others) (1989) and ‘The Hexham Celebration’ (with Paul
Flush and others) (1992), both for the Hexham Abbey
Festival; ‘Suite for the River Wear’ (with Dreaming
North) (1989) for BBC Radio; and ‘The Little Count’
(with Andy Jackson and Benny Graham) (1993) for Durham
County Council. He won the Kate Collingwood Bursary
Award in 1986. He was the Judge for the Sid Chaplin
Short Story Awards in 2000. In 2010 he appeared on BBC
Radio 4 as part of a documentary on the Tyne Bridge.

He has performed his poetry on several occasions at
the Edinburgh Fringe Festival and at Festivals in
Aberdeen, Bradford, Cardiff, Cheltenham (twice at the
Festival of Literature - with Liz Lochhead and with
'Sounds North'), Durham, Newcastle upon Tyne,
Greenwich, Lancaster, and throughout the land.
He has read in Newcastle at the Morden Tower,
Swarley's Club, The Blue Room & The Baltic, at
Durham's Colpitts Poetry, Tees Valley's Write Around &
Writers' Cafe, Leed's Wicked Words, York's Riverlines,
Lincoln's Spoken Word, Liverpool's Stamps, Sheffield's
Antics, Bradford's Grey Sheep Cabaret, Aberdeen's
Springtides, London's Apples & Snakes, at the Universities
of Bath, Durham, Newcastle and Warwick, in Edinburgh
at the Scottish Poetry Library and the Royal Oak
and Diggers venues and in Limerick at The White House.
He has received an Arts Council of Northern Ireland
grant to visit Belfast and Northern Cultural Skills
Partnership grants to attend conferences in Bath,
Leeds and London.

In his youth, he travelled to Paris to seek out the
grave of poet Charles Baudelaire and he has been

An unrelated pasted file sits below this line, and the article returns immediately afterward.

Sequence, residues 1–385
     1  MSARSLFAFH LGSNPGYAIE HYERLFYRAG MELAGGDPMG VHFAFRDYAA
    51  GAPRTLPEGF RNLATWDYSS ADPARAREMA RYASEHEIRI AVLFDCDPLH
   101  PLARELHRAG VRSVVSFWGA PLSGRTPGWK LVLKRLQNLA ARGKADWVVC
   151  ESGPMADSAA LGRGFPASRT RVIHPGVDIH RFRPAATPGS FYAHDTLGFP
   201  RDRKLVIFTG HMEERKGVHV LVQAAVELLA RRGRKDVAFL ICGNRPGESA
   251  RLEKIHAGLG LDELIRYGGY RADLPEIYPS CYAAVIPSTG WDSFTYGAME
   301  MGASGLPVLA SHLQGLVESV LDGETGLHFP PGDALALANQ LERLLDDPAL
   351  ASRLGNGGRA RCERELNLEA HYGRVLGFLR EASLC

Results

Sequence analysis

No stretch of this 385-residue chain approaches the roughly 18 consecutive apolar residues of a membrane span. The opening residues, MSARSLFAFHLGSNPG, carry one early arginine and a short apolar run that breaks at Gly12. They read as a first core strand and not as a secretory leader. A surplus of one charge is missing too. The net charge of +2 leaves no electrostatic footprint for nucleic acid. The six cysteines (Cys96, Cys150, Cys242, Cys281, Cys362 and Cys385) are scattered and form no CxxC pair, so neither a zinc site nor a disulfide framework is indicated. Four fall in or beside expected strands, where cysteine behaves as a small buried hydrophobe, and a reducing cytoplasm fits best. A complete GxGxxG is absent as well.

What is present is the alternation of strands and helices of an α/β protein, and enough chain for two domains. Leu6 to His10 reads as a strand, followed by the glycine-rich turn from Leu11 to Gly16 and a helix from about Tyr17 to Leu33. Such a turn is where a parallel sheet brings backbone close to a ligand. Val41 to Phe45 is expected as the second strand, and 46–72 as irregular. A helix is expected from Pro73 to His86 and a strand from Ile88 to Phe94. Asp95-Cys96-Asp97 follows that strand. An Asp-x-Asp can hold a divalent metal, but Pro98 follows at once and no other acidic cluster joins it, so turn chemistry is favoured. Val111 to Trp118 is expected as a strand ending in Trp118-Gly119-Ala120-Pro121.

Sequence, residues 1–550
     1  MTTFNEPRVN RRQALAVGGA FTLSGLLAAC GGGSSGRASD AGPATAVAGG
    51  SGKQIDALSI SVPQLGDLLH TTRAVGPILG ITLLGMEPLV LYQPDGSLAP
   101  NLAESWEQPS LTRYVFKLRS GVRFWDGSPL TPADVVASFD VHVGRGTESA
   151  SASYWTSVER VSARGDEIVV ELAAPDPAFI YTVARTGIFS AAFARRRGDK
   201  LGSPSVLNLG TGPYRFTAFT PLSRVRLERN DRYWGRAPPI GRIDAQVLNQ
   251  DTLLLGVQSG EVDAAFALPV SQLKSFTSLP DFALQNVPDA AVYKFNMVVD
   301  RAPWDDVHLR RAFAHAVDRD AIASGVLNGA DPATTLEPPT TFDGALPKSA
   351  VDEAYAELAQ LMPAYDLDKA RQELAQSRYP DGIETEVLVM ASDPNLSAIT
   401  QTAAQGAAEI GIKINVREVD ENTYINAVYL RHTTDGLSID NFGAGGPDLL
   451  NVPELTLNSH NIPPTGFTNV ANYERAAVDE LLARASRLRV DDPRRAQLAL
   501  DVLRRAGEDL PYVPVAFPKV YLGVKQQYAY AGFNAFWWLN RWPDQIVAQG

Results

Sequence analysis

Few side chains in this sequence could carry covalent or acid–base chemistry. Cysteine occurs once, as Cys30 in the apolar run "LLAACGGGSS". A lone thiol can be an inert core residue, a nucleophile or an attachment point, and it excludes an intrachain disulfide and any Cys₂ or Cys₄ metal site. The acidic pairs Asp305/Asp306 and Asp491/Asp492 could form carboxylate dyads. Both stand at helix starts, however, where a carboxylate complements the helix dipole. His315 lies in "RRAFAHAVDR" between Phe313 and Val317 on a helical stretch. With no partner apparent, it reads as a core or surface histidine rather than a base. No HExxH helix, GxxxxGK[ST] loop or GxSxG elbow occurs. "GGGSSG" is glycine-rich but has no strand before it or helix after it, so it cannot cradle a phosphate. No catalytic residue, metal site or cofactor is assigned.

making cultural pilgrimages abroad ever since. He has
toured to Russia, Georgia, Bulgaria, Poland, Iceland
(including readings with Peter Mortimer during the Cod
War), Denmark, France, Germany (including readings at
the Universities of Hamburg, Kiel, Oldenburg, Trier
and Tuebingen), Hungary, Italy, Ireland, Isle of Man, Spain,
Sweden, Czech Republic, The Netherlands, the United
States, Cuba, Jamaica and Kenya.
His poetry has been translated into Dutch, German,
Russian, Italian, Icelandic and Czech.

He has long pioneered cultural exchanges with Durham’s
twinning partners, particularly Tuebingen and
Nordenham in Germany and Ivry-sur-Seine and Amiens in
France, as well as with Newcastle’s Dutch twin-city of
Groningen. In fact, he has visited Tuebingen over 30
times since he first spent a month there in November
1987 as poet-in-residence supported by Durham County
Council and the Kulturamt, and he has performed his
poetry in the city’s Hoelderlin Tower and, on three
occasions, as part of the annual Book Festival. He has
arranged for writers such as Katrina Porteous, Julia
Darling, Michael Standen, Alan C. Brown and Linda
France to join him in Tuebingen.
He has also won Northern Arts Awards to visit Berlin, Holland
and Prague (with poet Paul Summers). His travels to Denmark,
Germany, Holland and Sweden have also been supported by the
British Council.
By way of cultural exchange, he has arranged for
visits to North East England by poets from Scotland, Ireland,
Germany, The Netherlands, the Czech Republic, America
and Russia.

He often works and travels with folk-musicians from
North East England, including Jez Lowe, Marie Little,
Gary Miller and George Welch, and he has written the
lyrics for an album, 'Bleeding Sketches', by folk-rock
band ‘The Whisky Priests’, with whom he has toured
extensively in The Netherlands. He has also visited
the European Parliament in Strasbourg to perform his
poetry with musicians Pete Challoner and Ian Carr. He
has recently inspired songs by Jez Lowe and by Joseph
Porter of Blyth Power.

With the support of Arts Council England,
North Tyneside Council and Northumberland Coast Area
of Outstanding Natural Beauty, he recently worked with Berlin
artist Rolf Wojciechowski on a text sculpture which
involved readings on the beaches along the
Northumbrian coast from Marsden to Cullercoats and
from Druridge Bay to Berwick.

Though a regionalist inspired by the landscape of his
birth and its folk and musical traditions, he is very
much a European and his work is much influenced by
writers such as Hoelderlin, Hesse, Brecht, Baudelaire,
Prevert, Esenin, and Mayakovsky.

the jingling geordie

My photo
whitley bay, tyne and wear, United Kingdom
poet and raconteur